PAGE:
Odds are, if you’re looking to get into astronomy or looking to upgrade your telescope, you’ve already realized it’s not as easy as it looks. When talking about telescopes it’s so easy to get caught up in all the technical terms, mechanics and features which often leaves people frustrated before it’s all said and done. Whether its frustration or wrong information, beginners and other aspiring astronomers often purchase the wrong scope which leads to a less than memorable star gazing experience.
This is where we come in as the following guide on 5 Tips to Help You Chose a Telescope for Astronomy is more than you need to make your purchase much easier.
1. Have a Good Idea of What You’ll Be Using It For
Most would say this is a foregone conclusion, but let me be the first one to tell you it’s not. Telescopes can either be used for Terrestrial or Astronomical viewing with each having distinct differences. Telescopes used for terrestrial (land) are much different than recommended scopes for astronomy which is one of the biggest misconceptions. Rarely, you will find a scope that performs the same with land and sky viewing with different magnifications, aperture, and other recommended features.
2. Understand What Aperture is and Why It’s the Most Important Feature
The importance of aperture with telescopes cannot be understated; in fact, it’s the most important feature to look for. The size of the aperture controls how much light the scope can capture, and since most astronomical viewing takes place in poor lighting conditions most would assume the larger the aperture the better.
In most cases this is right, but not for everyone. Telescopes with larger apertures are just that, larger. The aperture is the diameter of the main optical component of the scope and is made of either mirror or lens. The more light you have within the optical component means a clearer, brighter image.
Just remember, the larger the scope the less portability you will have which is always something worth considering.
3. Know the Different Types of Telescopes
There are three main types of telescopes including a reflector, refractor, and catadioptric with each having distinct advantages and disadvantages. Refracting telescopes are the most common and are best suited for beginners while catadioptric are often more expensive, and are best suited for experienced astronomers.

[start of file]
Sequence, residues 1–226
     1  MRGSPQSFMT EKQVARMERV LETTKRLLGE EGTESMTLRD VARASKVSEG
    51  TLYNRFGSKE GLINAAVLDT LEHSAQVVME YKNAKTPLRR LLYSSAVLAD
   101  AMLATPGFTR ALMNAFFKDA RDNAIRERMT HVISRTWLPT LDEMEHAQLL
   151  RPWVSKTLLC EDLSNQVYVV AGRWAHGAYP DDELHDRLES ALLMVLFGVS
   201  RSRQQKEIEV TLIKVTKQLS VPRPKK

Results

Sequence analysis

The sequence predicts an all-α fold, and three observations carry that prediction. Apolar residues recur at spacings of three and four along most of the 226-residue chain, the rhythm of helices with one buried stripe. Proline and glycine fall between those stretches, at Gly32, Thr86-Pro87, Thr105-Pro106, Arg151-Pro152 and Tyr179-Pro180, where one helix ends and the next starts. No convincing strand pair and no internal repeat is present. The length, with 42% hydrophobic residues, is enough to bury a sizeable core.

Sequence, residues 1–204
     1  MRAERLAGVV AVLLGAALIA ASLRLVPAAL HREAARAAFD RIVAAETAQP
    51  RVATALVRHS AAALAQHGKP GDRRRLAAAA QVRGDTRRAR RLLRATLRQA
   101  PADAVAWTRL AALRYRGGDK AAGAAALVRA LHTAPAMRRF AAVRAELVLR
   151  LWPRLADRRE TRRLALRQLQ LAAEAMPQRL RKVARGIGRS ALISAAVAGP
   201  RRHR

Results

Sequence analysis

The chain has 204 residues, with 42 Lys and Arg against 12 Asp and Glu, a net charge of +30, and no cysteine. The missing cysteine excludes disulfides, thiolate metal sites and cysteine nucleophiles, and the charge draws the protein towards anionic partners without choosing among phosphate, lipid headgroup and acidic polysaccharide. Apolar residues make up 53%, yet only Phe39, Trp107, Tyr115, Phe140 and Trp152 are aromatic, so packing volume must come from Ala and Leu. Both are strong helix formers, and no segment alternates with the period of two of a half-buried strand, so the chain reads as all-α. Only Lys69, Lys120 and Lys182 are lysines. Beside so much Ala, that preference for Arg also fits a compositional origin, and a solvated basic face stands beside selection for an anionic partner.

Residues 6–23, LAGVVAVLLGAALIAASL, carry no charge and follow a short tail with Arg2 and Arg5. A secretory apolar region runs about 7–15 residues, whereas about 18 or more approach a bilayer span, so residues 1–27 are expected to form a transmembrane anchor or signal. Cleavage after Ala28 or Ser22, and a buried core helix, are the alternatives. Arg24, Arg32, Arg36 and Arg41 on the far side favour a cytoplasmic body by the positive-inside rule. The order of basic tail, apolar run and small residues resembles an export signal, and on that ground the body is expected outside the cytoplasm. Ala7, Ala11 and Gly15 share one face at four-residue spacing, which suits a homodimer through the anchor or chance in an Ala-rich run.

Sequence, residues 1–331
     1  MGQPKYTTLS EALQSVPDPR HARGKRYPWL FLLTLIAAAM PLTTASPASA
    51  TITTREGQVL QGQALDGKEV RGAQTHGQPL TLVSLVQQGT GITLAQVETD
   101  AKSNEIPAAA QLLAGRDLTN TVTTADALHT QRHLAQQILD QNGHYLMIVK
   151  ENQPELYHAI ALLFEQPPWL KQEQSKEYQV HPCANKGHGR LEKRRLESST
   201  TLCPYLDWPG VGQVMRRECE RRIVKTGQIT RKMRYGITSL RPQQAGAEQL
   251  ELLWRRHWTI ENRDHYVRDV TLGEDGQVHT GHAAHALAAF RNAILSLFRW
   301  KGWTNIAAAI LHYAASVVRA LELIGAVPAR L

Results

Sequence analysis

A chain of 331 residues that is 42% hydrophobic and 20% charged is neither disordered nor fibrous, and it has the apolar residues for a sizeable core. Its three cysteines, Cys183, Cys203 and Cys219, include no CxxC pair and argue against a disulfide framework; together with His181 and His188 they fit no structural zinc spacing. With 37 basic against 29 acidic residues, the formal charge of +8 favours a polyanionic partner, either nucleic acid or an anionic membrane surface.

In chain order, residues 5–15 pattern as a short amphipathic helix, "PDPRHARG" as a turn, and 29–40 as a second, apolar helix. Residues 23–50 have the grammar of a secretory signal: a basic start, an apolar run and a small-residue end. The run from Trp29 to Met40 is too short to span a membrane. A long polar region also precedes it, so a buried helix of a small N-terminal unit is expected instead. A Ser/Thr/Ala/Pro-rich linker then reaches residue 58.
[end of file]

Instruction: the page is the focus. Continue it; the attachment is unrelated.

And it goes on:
- Reflector – larger apertures, simple to use, delivers bright images, mirror image, cheaper in price
- Refractor – Smaller apertures, simple to use, more compact, lens, very durable, and minimal maintenance
- Catadioptric (Cassegrain) – Improved versatility, better near focus, superior deep space focus, hybrid of mirrors and lenses, durable, and typically more expensive
4. Choose a Mount that’s Stable
Aside from the scope itself, the mount is the second most important purchase when looking to get the most from astronomy. This is something that is easily over-looked, but something that makes all the difference when following stars while providing a stable platform.
There are two different types of telescope mounts including an equatorial mount and AltAzimouth mount. The equatorial mount is the most complex and typically costs more, but makes it possible to follow the earth’s natural rotation. An AltAzimouth mount is less complex and swings in all directions including left to right, and up and down.
5. Stick to Your Budget
Telescopes come in a wide array of sizes and of course, price. When starting out, be sure to come up with a budget and be sure to allocate some of this to the mount, case, and any other hardware you may want. You can expect to spend anywhere from $300 – $700 for a high quality scope, but you can find cheaper alternatives for under $100 if you’re just starting out.